cancer center and 1 regional university hospital). Descriptive data on patients and hospitals from the RMIS
over the same period indicate that our cohort was representative in terms of hospital district and setting (Additional file 1: Appendix B). Initial treatment was
delivered in 53 hospitals or clinics with a median of 9.5
study patients per hospital over the one-year study
period (interquartile range: 1.75-30, maximum 110).
Patterns of care: diagnosis, surgery, pathology, adjuvant
treatment and multidisciplinary approach
Considering only scheduled situations (683 colon and
368 rectal cancer patients), colonoscopy was performed
for 91% of colon cancer patients and 87% of rectal cancer patients (biopsy for 85% and 96% respectively).
Three hundred and twenty rectal cancer patients (87%)
were locally staged either by a rectal US endoscopy, a
scan or an MRI (following practices at the time). Specifically, 268 received a scan, 15 received MRI and 195
received transrectal US endoscopy, with some patients
receiving more than one examination and a total 54% of
patients receiving either an MRI or a transrectal US endoscopy. Concerning the pre-therapeutic work-up, an
abdominal US or computed tomography was performed
in 90% of colon cancer and 94% in rectal cancer
patients.
Resection of the primary tumor (Table 2) was performed in 92% of colon cancer patients (of 825 patients
overall, or 98% of the 767 patients receiving surgery)
and 87% of rectal cancer patients (of 381 patients overall, or 97% of the 340 patients receiving surgery). Abdominal perineal resection was performed in 18% of
rectal cancer patients. For patients without preoperative
treatment, median delay between histological diagnosis
and surgery was 17 days in colon cancer patients (532
patients) and 29 days in rectal cancer patients (125
patients).
Eight rectal cancer patients (unknown causes) and 32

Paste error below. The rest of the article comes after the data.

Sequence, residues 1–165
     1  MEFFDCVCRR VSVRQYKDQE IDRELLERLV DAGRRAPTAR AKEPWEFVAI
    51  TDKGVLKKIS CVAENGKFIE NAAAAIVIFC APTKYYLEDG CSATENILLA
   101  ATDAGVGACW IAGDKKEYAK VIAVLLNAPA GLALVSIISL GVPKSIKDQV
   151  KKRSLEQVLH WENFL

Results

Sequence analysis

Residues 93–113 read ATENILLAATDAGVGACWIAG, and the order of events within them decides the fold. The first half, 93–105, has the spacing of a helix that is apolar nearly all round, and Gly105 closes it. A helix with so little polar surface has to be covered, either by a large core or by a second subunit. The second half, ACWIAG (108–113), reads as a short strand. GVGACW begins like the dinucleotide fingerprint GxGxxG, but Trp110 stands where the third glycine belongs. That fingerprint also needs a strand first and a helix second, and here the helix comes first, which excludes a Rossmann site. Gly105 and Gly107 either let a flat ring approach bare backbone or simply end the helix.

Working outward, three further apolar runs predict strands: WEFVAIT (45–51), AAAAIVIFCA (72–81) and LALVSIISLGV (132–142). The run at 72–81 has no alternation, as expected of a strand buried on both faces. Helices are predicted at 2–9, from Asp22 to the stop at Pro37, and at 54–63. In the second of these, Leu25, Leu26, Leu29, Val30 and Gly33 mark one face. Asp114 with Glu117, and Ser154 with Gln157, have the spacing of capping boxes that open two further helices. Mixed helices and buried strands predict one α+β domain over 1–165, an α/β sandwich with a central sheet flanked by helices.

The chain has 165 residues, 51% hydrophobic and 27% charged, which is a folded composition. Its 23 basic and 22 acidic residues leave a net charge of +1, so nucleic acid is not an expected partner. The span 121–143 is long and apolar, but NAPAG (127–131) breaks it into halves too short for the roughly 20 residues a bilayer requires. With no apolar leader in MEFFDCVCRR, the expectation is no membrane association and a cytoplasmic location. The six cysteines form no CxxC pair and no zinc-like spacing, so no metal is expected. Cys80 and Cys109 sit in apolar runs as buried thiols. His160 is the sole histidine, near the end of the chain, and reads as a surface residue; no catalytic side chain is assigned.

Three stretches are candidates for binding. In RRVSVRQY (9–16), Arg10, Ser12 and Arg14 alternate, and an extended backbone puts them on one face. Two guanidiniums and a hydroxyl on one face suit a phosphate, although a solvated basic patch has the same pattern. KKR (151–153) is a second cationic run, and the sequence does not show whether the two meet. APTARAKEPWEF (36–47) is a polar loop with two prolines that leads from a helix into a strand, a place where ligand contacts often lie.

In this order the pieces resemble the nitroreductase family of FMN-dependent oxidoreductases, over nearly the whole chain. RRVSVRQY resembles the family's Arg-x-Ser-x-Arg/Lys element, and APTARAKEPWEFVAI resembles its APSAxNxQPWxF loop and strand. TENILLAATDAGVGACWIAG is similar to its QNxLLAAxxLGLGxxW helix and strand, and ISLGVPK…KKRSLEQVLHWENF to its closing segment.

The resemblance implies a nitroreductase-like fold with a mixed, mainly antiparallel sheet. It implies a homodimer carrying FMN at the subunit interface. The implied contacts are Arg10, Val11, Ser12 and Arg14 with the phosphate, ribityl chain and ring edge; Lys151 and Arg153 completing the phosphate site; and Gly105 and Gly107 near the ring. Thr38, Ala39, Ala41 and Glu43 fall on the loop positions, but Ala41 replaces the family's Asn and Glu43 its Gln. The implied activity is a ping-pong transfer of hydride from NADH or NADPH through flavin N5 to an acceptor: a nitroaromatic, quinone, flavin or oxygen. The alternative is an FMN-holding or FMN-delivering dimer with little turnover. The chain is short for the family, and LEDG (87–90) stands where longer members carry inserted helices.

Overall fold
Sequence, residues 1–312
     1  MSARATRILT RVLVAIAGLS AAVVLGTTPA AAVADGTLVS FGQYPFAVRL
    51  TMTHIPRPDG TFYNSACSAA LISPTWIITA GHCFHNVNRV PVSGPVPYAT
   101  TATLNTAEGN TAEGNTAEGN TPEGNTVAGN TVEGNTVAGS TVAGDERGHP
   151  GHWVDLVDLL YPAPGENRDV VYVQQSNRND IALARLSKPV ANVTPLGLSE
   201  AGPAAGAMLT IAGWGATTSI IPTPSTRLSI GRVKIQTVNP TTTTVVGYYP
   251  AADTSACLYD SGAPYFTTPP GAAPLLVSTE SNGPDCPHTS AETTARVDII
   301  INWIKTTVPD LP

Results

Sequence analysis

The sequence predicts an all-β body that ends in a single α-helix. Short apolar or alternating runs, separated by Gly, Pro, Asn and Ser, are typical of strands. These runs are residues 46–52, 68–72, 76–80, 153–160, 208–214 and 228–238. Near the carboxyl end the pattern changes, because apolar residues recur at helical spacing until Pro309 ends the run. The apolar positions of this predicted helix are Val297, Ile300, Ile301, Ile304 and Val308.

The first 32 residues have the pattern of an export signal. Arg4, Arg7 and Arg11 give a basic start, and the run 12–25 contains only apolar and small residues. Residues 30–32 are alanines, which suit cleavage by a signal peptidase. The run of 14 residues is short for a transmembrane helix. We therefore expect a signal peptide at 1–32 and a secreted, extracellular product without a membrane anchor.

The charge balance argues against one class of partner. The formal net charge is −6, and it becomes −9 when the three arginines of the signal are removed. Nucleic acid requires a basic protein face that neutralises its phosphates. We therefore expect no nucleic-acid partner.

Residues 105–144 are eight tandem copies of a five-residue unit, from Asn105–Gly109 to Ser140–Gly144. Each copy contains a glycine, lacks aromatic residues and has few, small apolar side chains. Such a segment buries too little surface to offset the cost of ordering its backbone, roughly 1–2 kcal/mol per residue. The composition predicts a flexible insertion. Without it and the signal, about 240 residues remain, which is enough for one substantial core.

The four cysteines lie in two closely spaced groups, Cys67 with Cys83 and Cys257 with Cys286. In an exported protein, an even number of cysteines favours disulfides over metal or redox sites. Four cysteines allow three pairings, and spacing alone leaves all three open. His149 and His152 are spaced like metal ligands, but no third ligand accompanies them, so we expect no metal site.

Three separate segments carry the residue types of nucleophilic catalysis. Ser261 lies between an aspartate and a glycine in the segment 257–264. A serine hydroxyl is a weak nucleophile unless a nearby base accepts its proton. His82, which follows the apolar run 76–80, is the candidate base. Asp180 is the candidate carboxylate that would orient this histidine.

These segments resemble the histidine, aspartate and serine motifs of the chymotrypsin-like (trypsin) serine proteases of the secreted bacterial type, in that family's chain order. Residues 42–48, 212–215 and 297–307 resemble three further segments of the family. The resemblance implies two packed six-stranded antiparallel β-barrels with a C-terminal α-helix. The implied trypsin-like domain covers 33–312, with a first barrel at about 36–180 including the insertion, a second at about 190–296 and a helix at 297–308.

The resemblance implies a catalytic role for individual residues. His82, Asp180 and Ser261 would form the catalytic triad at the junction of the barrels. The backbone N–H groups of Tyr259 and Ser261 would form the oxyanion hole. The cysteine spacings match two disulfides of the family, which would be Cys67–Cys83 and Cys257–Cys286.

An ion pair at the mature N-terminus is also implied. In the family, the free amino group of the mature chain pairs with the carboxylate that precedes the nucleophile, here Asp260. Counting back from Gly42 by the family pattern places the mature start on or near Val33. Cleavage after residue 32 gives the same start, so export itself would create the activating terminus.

colon cancer patients (3 anastomic fistulas, 1 abscess of
the chest wall, 1 pulmonary embolism, 1 pro-lapse, 1 respiratory complication, 1 sub-occlusive syndrome and
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Table 1 Colon (n = 825) and rectal (n = 381) cancer patient characteristics in the study of surgery and care patterns for
colorectal cancer (n = 1206)
Characteristics
Colon
Rectal
N
(%)
N
(%)
72 years
–
69 years
–
Men
427
(52)
236
(62)
Women
398
(48)
145
(38)
none
148
(18)
89
(23)
1
238
(29)
105
(28)
2
177
(21)
74
(19)
3 or more
147
(18)
74
(19)
Missing
115
(14)
39
(11)
0-1
541
(66)
303
(80)
>1
95
(12)
24
(6)
Missing
189
(23)
54
(14)
Yes
89
(11)
56
(15)
Missing
246
(30)
92
(24)
Right
416
(50)
–
Left
397
(48)
–
Both
12
(2)
–
Median age
Gender
Comorbid conditions (number)
ECOG Score
Family history of disease
Colon tumor location
Rectal tumor location
Low
–
161
(42)
Median
–
129
(34)
High
–
91
(24)
Concomitant metastasis
216
(26)
83
(22)
Public
414
(50)
187
(49)
Private
411
(50)
194
(51)
Teaching hospital
178
(22)
123
(32)
Non-teaching hospital
647
(78)
258
(68)
1
410
(50)
207
(54)
2
151
(18)
73
(19)
3
49
(6)
17
(5)
4
62
(7)
27
(7)
5
147
(18)
52
(14)
Other
6
(1)
5
(1)
Hospital setting at inclusion
District of surgeon (or oncologist if no surgery)
Surgical procedures per year
<30
97
(12)
25
(7)
30 and over
659
(80)
312
(82)
Outside area/no surgery
69
(8)
44
(12)
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Table 2 Surgical treatment and pathological report for
colon (n = 767) and rectal (n = 340) cancer patients
receiving surgery in the study of surgery and care
patterns for colorectal cancer (n = 1107)
Colon
Rectal
N
(%)
N
(%)
Emergency
134
(18)
12
(4)
Scheduled
617
(80)
325
(95)
Missing
16
(2)
3
(1)
Open surgery
651
(85)
245
(72)
Laparoscopy
78
(10)
66
(19)
Transanal
0
–
12
(4)
Missing
38
(5)
17
(5)
Colectomy
755
(98)
–
–
Rectal resection
–
–
318
(94)
Colostomy alone
12
(2)
10
(3)
Transanal tumorectomy
–
–
12
(3)
Low
–
–
53
(16)
Mild/high
–
–
6/1
(2)
Post-operative 30-day mortality
32
(4)
8
(2)
Well or moderately differentiated
615
(80)
260
(76)
Poorly differentiated
89
(12)
26
(8)
Mode of operation
Surgical access
Procedures
Abdominoperineal resection
Tumor grade
Post-surgical stage
I
82
(11)
85
(25)
II
261
(34)
75
(22)
III
233
(30)
99
(29)
IV
170
(22)
60
(18)
Missing
21
(3)
21
(6)
LNs (number examined)
≥12